Fat in Paris
Genre: Travel Memoir, Humor
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A complete idiot travels abroad in search of the perfect vacation. He fails to find one.
No camels were harmed in the making of this book. But the author was. He fell off a camel on the way to a Bedouin camp behind the pyramids; he was nearly burned alive in an Alabama boat fire; he was attacked by bats in a Mexican cenote; he was shark bait off the coast of Belize; nearly died from heat stroke on the Nile; and was savaged by a swarm of elderly Japanese women in a men’s room at a gas station somewhere in Spain.
Starting from Chicago, the author visits nine countries and various states in an attempt to have a perfect vacation. It never works. But that doesn’t stop him. The result is a hilarious f-bomb of a travelogue.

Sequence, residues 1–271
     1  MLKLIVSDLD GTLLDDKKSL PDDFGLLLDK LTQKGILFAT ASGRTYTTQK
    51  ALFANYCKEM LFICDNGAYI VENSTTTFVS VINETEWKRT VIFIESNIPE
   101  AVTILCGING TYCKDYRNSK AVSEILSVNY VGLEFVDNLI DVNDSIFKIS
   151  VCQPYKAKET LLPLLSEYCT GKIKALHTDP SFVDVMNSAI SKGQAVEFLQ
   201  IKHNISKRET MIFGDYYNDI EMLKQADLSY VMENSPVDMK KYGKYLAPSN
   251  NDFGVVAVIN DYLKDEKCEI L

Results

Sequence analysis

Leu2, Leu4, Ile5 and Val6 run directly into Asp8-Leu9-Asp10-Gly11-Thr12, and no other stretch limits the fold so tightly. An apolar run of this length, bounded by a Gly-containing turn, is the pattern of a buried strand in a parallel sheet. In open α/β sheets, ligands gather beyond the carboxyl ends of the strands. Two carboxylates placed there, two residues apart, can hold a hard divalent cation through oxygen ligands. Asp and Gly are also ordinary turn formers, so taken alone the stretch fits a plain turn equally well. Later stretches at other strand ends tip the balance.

Garlington holds nothing back, showing the maddening side of international travel without an Instagram filter. Readers will learn nothing useful about the cities he visits, nor will they use his book as a guide. It is more of a roadmap for ruthless schadenfreude as we watch helplessly while Garlington runs into brick wall time after time. Written in a style reminiscent of Bill Bryson (if he were a rampaging drunk) or Anthony Bourdain (if he cussed less), Fat in Paris might be the funniest travel memoir in the last ten years.
Please note: This book contains scenes of inadvertent camel abuse, conspicuous tourism, sniveling, a luridly detailed account of testicular damage, a nearly unbelievable and very detailed story of losing control of one’s bodily functions, way too many footnotes, a plague of scorpions, and the Mormon Tabernacle Choir.